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Home » Archives » September 2007 » Literal Thinking
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09/02/2007: Literal Thinking

Jon from Minneapolis writes in to propose my favorite type of discussion -- a little exploration of joke-types. Ooh! Fun! Thank you, Jon!

Here are two jokes that he suggests form a category. In the first one, from the movie Hot Fuzz, the small town's chief of police is talking to the newly transplanted Nick Angel:

Chief (serious): Well, there's one thing your predecessor had that you'll never have.
Nick: Oh? What's that?
Chief: A great bushy beard.

The second one comes from Victor/Victoria, in which a nightclub owner is giving instructions to a private investigator:

Owner: Now, I need you to be extremely careful.
Investigator: I always am.
Owner: That stool is very unstable.
Investigator: What? (The stool collapses and he falls.)

It wouldn't have immediately occurred to me that these are examples of the same joke structure, but I think Jon is right. I'd also add this exchange from Ghostbusters which I think is a gem of economically-applied funny:

Dr Ray Stantz: Where do these stairs go?
Dr. Peter Venkman: They go up.

These all involve a specific and extreme kind of undercutting of expectation by suddenly going very literal. They are, in fact, the same kind of joke as the horrible classic children's jokes about why firemen wear red suspenders and why chickens transverse-navigate motorways. In these jokes, you're misled into thinking that you're going to be given actual information on some topic, when in fact you're going to be told something very literal and irrelevant to the larger matter.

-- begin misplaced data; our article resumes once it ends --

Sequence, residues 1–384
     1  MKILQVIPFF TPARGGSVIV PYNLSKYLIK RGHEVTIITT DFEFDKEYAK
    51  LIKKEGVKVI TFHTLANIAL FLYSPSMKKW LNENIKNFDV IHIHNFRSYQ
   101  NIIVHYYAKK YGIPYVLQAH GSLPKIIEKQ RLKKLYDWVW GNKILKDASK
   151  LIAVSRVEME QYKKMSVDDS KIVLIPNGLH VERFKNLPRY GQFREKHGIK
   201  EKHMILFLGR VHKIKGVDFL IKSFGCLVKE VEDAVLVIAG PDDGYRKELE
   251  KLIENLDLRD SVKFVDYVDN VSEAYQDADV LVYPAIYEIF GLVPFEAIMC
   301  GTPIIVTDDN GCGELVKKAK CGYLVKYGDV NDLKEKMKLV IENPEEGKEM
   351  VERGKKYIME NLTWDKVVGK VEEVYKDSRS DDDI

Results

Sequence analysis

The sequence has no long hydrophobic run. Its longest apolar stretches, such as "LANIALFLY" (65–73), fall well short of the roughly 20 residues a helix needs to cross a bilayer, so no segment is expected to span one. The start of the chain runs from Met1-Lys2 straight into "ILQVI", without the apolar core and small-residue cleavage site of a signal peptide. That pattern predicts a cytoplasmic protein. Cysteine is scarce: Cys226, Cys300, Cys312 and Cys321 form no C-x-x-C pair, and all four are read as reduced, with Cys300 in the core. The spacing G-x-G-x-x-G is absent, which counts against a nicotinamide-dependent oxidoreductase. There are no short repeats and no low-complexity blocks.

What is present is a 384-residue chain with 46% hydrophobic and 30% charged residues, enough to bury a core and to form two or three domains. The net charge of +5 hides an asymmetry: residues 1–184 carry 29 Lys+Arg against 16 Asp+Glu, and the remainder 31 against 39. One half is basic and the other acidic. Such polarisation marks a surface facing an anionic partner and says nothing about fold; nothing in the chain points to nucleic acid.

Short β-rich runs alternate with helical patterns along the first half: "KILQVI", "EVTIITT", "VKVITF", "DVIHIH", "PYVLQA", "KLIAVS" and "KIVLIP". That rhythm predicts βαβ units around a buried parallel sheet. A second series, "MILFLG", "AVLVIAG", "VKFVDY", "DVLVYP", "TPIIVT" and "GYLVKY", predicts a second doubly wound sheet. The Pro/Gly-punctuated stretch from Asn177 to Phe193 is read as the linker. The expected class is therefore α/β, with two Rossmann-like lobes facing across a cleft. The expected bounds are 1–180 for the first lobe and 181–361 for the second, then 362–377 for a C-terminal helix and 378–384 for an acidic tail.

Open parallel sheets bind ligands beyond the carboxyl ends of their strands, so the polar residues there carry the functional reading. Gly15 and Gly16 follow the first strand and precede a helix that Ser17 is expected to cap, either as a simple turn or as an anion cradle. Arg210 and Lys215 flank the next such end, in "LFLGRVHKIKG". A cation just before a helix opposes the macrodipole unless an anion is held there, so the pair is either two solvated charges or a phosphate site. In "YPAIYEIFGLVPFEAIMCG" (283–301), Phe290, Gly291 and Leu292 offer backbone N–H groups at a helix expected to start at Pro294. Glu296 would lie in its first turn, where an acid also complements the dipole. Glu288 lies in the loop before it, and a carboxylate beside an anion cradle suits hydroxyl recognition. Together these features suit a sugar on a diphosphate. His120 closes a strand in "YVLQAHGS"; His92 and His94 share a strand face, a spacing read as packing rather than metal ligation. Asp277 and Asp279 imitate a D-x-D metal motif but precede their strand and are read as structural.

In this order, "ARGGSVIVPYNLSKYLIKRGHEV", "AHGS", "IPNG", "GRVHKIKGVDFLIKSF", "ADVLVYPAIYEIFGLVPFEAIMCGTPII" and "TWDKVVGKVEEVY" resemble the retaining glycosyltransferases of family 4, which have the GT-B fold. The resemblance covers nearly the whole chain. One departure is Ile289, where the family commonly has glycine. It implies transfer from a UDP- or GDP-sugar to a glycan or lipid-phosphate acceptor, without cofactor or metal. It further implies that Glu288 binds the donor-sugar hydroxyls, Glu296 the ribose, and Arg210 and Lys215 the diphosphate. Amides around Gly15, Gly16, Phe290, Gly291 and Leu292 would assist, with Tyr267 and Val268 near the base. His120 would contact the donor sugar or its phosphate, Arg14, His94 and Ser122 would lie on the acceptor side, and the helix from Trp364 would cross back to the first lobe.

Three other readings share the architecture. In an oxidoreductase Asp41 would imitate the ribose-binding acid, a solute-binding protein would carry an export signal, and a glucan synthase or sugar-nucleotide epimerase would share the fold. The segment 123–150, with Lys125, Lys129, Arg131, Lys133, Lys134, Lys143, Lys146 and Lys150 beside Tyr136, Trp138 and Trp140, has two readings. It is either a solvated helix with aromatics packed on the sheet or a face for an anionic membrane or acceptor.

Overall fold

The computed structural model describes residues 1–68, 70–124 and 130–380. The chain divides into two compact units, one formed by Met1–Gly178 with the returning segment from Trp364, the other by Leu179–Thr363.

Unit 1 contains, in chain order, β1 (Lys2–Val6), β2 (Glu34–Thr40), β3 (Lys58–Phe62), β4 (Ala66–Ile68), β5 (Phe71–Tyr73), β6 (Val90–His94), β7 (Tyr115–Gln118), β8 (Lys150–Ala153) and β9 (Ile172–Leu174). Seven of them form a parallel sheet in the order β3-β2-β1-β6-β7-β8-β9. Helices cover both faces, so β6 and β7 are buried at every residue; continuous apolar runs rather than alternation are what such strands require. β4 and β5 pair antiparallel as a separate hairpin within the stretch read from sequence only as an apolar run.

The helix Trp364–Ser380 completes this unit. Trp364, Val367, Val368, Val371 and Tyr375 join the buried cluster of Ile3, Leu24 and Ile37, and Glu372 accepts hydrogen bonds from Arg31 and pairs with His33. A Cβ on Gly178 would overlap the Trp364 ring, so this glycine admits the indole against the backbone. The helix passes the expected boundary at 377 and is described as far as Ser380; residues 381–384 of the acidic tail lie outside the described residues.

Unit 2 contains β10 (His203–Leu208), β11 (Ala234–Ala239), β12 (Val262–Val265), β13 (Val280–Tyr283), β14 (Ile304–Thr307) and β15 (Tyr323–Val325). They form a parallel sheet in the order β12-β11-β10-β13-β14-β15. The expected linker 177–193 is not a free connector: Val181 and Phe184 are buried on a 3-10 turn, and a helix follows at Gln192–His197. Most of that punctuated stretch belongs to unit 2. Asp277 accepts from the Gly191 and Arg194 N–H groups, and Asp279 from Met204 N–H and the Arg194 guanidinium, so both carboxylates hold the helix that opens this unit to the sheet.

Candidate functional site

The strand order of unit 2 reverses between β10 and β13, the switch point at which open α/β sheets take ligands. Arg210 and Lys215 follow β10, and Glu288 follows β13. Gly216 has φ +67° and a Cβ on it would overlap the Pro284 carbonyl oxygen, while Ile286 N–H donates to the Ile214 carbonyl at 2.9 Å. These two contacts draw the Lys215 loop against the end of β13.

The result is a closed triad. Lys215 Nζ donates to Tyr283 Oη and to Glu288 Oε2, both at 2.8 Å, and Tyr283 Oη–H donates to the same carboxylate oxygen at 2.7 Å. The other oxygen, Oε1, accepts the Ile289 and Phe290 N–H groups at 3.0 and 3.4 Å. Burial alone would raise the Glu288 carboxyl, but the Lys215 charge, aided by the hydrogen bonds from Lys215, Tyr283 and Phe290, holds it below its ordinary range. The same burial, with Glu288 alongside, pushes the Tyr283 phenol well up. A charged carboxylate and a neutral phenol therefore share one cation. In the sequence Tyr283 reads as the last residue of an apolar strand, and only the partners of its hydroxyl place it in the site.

This kind of joke naturally has a childish feeling to it, but that doesn't mean it can't be used in sophisticated comedies. For example, a character who specifically employs this type of humor in an attempt to cheer up his colleagues in a fraught moment could be endearing and even heart-breaking. And, as Gentle Reader Jon points out in his letter, it is a powerful way to give a jolt to an otherwise gravely cliched exchange. We know that undercutting is important for keeping a script light; this kind of extreme undercutting, when used carefully, can help.

Lunch: the sourdough something-or-other at Jack in the Box. It was loaded with tomato slices and was shockingly good.


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